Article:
Source: Bloomberg, Federal Reserve Bank of New York
Further detail regarding the term premium can be found here
The IMF’s Financial Stability Report alluded to the risk of higher inflation – without saying that it would happen – that could push rates up and increase the premium. Indeed, this is a valid issue to focus on now, for at this junction, one of the important issues is where are we in the economic cycle? After a period of strong global growth, with low inflation, the pick-up in demand and tightening labour markets mean we need to monitor closely potential inflation pressures. Indeed, one such example, oil prices are firm. Moreover, the Fed’s hiking is partially aimed at keeping inflation pressures at bay.
Will they, won’t they? May UK rate hike remains uncertain
Here in the UK, meanwhile, inflation is decelerating and – as we have highlighted – we expect it to fall further as the year progresses. The pass through of the post Brexit Referendum devaluation of the pound has fed through into inflation measures, just as it did when sterling fell sharply after the financial crisis. Now, as then, domestic inflation pressures have remained subdued, allowing headline inflation to decelerate. While we need to be vigilant, as wages are creeping up in the UK, the annual rate of inflation still looks set to fall.
This brings us back to the debt picture. When the Bank of England considers whether to raise interest rates in May – at the time of its next quarterly Inflation Report – it will need to factor into its thinking an analysis of how the economy will cope. Will borrowers be able to bear the strain of higher rates? If rate hikes are gradual then they might. Last week Governor Carney indicated that recent mixed economic data implies that a hike is by no means certain. And after weak growth (albeit weather related) in the first quarter and decelerating inflation, one can understand why there is a case for waiting. That being said, a hike in May still seems more likely than not.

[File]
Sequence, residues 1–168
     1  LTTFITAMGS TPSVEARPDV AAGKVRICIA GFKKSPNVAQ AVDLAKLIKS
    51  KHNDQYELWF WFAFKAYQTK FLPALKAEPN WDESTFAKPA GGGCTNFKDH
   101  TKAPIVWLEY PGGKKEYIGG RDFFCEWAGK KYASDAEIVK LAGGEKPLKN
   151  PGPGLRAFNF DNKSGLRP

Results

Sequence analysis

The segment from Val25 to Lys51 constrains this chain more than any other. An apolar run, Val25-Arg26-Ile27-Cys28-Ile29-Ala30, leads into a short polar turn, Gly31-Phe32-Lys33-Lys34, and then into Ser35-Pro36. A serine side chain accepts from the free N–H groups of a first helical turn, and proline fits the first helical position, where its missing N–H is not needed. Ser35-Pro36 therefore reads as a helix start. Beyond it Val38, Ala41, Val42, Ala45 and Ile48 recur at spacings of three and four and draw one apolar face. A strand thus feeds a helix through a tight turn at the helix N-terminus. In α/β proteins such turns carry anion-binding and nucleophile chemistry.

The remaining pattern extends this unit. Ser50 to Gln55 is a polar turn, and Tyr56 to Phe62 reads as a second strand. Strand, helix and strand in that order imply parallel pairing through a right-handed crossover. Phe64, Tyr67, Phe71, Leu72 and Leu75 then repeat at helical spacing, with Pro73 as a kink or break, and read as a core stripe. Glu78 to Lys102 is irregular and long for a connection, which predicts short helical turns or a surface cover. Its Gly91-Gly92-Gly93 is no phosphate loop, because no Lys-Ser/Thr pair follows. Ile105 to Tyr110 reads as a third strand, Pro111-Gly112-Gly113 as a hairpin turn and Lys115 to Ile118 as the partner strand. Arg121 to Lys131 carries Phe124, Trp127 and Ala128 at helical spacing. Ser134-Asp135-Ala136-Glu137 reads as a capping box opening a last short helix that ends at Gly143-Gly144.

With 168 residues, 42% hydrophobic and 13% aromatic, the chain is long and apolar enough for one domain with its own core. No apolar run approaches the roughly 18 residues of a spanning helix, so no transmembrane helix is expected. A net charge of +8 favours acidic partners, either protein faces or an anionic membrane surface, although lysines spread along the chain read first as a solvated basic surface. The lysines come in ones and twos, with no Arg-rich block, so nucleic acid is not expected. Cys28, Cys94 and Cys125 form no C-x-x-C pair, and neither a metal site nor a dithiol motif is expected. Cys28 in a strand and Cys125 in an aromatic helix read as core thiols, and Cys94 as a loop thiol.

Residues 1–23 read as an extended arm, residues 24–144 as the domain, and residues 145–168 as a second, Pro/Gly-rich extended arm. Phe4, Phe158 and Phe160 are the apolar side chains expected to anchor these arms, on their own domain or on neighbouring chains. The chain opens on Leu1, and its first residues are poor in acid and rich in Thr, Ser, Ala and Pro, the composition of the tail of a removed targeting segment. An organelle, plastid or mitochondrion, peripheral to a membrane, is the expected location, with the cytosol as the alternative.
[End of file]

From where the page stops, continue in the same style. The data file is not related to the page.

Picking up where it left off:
Positive news for UK government debt
Meanwhile, market attention is also focused on the UK Government debt picture. Here the news is good – as we have been suggesting it would be – and better than the market has been expecting. Steady growth, low rates and yields are helping the UK’s debt dynamics.
This week, data showed that the Government has achieved its first budget surplus on current spending since 2002. Admittedly the Government is still borrowing a sizeable amount – with the budget deficit for the fiscal year 2017-18 reaching £42.6 billion. This is £2.6 billion below the forecast made only last month by the independent Office for Budget Responsibility. Their forecast for this fiscal year is £37.1 billion, but I think the eventual outcome in a year’s time could be far less. Of course, as the year progresses, the Chancellor may come under pressure to spend more, particularly to ease the pressure on some areas such as local authority spending.
So, as we approach the tenth anniversary of the financial crisis in September, part of the market’s attention will be how that macroeconomic paradox unfolds. For now, the markets are hoping that gradual and predictable UK monetary policy tightening will be able to go hand in hand with improving debt dynamics.
If it was my decision, I would be tempted to leave rates on hold in May, as inflation is falling, growth is sluggish and sterling has recently strengthened. I still think a weak pound is good news for the economy. But, despite Governor Carney’s recent comments, a hike is still possible in May and November, as we have previously indicated. The markets can cope with this. Moreover, as the year progresses, the budget deficit will fall further, proving further good news.